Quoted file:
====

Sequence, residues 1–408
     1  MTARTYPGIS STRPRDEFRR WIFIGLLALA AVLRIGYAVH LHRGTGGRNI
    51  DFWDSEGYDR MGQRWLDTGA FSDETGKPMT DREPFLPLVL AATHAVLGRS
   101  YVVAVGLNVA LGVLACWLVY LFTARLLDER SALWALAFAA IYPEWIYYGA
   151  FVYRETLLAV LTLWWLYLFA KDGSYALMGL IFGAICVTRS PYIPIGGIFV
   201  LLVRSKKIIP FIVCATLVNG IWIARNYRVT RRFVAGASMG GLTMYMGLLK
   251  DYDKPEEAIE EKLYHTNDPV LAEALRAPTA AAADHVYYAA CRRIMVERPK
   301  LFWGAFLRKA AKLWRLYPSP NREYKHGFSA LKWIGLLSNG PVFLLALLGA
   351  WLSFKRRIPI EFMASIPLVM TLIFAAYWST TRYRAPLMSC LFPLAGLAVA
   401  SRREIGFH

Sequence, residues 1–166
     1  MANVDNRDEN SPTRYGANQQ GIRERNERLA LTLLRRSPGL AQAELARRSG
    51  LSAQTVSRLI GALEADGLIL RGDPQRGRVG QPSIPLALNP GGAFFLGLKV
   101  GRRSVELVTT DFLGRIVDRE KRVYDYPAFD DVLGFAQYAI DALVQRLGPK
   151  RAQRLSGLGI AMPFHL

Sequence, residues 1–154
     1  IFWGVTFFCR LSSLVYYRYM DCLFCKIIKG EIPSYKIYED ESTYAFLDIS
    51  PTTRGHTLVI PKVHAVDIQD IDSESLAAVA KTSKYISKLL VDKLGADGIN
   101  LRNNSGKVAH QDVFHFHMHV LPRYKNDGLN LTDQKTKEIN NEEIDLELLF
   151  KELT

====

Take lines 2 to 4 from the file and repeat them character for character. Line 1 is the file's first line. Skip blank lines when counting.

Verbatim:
     1  MTARTYPGIS STRPRDEFRR WIFIGLLALA AVLRIGYAVH LHRGTGGRNI
    51  DFWDSEGYDR MGQRWLDTGA FSDETGKPMT DREPFLPLVL AATHAVLGRS
   101  YVVAVGLNVA LGVLACWLVY LFTARLLDER SALWALAFAA IYPEWIYYGA